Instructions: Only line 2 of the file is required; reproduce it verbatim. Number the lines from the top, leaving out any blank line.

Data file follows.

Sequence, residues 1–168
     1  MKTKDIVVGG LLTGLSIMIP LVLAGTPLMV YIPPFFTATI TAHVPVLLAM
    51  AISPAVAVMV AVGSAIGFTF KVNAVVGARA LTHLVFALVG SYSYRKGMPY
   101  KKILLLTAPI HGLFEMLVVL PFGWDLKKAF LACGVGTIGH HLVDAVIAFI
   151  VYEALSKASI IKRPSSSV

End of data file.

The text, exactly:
     1  MKTKDIVVGG LLTGLSIMIP LVLAGTPLMV YIPPFFTATI TAHVPVLLAM